Licensing. In the United States, most states require licensing of water well contractors and, in most cases, this means that licensed contractors have passed tests and met certain professional requirements to obtain their license. Canadian provinces, Australian states, and New Zealand also use qualification-based licensing. To find out if a contractor is licensed, contact your state government (licensing is often handled by the Department of Natural Resources or Department of Health). For a list of state agencies in the United States that govern licensing and contractor registration, contact NGWA at 800 551.7379 (614 898.7791), or visit its consumer Web site,, and check out the "Finding a Contractor" section.

Other steps to maintain your water well

  • Keep hazardous chemicals, such as paint, fertilizer, pesticides, and motor oil far away from your well, and maintain a "clean" zone of at least 50 feet (15.24 meters) between your well and any kennels or livestock operations. Also, always maintain proper separation between your well and buildings, waste systems, or chemical storage areas. Your professional water well contractor is familiar with the applicable local codes.
  • Periodically check the well cover or well cap on top of the casing (well) to ensure it is in good repair and securely attached. Its seal should keep out insects and rodents.
  • Keep your well records in a safe place. These include the construction report, and annual water well system maintenance and water testing result

Friday, March 4, 2016

Sustainable soil health

Sustainable soil health

J.W. Lemons
J.W. Lemons
“A Nation that destroys its soil destroys itself.” – Franklin D. Roosevelt.
We have learned some harsh lessons about how to treat our soil. While most of us are aware of the problems of the past, some agricultural operations in the world are not heeding those lessons.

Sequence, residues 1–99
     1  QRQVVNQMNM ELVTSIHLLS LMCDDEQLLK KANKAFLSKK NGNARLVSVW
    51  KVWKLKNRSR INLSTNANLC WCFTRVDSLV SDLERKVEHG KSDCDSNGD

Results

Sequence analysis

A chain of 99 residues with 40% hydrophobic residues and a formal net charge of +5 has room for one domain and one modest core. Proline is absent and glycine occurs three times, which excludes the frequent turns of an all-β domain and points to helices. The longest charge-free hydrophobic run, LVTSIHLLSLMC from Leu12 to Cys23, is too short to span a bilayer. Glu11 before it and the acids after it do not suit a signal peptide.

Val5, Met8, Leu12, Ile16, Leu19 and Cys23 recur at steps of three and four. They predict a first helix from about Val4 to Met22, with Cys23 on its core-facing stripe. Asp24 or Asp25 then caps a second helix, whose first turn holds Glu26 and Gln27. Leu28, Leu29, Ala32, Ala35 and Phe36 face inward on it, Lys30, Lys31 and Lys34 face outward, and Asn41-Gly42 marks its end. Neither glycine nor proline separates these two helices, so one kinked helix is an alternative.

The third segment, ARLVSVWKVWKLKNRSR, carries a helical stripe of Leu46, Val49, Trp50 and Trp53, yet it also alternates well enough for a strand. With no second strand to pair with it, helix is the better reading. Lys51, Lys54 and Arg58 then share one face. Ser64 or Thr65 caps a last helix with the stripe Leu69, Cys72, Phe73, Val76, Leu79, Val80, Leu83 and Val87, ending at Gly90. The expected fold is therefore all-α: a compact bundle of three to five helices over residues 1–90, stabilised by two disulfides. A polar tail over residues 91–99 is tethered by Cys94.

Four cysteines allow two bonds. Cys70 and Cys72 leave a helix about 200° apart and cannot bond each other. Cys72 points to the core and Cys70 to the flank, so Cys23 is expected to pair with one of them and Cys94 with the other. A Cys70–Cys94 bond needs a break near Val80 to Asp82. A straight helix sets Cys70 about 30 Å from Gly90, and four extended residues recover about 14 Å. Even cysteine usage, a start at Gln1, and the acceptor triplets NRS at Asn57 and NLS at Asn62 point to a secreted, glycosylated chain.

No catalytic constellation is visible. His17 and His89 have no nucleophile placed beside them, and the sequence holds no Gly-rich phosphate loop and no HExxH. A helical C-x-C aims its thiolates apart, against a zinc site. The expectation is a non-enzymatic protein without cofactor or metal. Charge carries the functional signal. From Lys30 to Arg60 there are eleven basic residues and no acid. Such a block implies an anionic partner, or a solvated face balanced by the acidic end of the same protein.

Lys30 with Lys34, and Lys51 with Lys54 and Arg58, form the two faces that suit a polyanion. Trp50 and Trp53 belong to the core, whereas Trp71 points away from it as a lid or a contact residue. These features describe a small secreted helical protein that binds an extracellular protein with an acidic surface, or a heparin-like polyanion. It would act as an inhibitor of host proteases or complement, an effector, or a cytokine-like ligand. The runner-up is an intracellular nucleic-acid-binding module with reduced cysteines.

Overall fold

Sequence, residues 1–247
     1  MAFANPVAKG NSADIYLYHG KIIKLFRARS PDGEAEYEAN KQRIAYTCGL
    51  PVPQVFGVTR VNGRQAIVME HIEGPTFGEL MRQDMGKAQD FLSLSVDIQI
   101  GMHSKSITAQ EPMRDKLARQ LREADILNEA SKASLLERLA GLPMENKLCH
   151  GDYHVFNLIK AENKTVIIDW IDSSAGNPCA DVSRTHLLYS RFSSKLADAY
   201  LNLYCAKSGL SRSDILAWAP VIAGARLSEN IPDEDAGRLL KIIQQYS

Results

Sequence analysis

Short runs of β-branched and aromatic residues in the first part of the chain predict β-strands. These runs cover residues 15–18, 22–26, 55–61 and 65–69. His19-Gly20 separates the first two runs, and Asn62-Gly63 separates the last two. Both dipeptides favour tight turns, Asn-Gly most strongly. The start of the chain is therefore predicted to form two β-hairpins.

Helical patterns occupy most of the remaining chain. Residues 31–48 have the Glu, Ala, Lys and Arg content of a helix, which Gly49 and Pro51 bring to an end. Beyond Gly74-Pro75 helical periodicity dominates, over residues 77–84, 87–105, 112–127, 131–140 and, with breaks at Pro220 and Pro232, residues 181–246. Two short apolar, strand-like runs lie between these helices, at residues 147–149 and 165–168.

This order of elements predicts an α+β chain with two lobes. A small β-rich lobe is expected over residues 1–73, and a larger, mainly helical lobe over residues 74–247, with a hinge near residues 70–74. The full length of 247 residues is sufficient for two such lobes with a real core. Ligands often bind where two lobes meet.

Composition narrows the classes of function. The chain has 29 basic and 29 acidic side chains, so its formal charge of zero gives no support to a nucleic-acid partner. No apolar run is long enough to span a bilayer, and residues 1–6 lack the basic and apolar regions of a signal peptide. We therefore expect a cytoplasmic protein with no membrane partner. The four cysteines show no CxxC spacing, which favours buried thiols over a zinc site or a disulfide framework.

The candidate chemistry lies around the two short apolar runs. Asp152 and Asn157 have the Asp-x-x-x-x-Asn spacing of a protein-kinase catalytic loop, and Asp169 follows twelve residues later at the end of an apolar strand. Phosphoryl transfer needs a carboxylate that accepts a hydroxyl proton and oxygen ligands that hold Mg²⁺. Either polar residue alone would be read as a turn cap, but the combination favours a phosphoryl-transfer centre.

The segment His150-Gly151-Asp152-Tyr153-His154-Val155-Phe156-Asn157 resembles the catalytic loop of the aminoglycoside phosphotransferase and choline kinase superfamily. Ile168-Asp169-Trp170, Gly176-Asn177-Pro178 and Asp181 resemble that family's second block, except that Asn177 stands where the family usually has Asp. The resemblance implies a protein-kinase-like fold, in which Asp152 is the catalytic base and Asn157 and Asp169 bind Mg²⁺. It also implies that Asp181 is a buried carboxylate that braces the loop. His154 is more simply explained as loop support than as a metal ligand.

We all know that healthy soil is essential to feed the ever-increasing population of the world. However, many agriculture practices continue to damage and deplete our natural resources — of which soil ranks among the top. These practices have caused reductions in soil productivity due to soil loss through erosion and changes in the nutritional balances in soil. This has resulted in nutrient depletion and increased our dependence on synthetic fertilizers. Because of the low efficiency of many commercial fertilizers, we have over-applied many nutrients to maintain or increase crop production levels.
Although these increased inputs have led to higher yields to meet the demand for food production, the over-application of nutrients has resulted in continuous environmental degradation of soil, water and vegetation resources. In some areas, organic matter levels......(To read more, Click the link below):

Persimmon (Diospyros virginiana) - 9th in a series from our tree sale

Persimmon is native to the southern two-thirds of the eastern United States, with an east-west line across central Ohio representing the northernmost limit of its native range. It can be planted much further north in terms of cold hardiness.
This tree is primarily known for its ripened fruits, when provide food for animals and humans alike in mid- to late autumn. It is also known as the tree that provides wood for some of the best wooden golf club heads and billiard cues that can be made; historically, the fine-grained wood was also used in the production of shuttles for the textile industry.

Persimmon may reach 50 feet tall by 30 feet wide when found in the open, sometimes with root suckers that cause it to form colonies or groves. As a member of the Ebony Family, it is related to other species in its genus (one produces ebony wood, another produces much larger persimmon fruits) and other genera in the family, most of which are tropical in origin.
Planting Requirements - Persimmon is quite adaptable to a variety of soil, moisture, and polluted conditions. It prefers moist, well-drained, average soils of various pH's, but easily adapts to poor, rocky, clay, sandy, or even organic soils, of dry or moist constitution. It will not tolerate wet sites, but it can survive on thin soils or strip-mined soils. It is found in zones 4 to 9, in full sun to partial sun.
Potential Problems - Persimmon has relatively few diseases (leafspot on occasion) and pests. Aside from being slow-growing and with the potential in heavy fruiting years to create a sticky mess at the bottom of female trees, it has no liabilities.

The Persimmon  is among several varieties offered in the tree sale going on right now.  Call 740-489-5276 for an order blank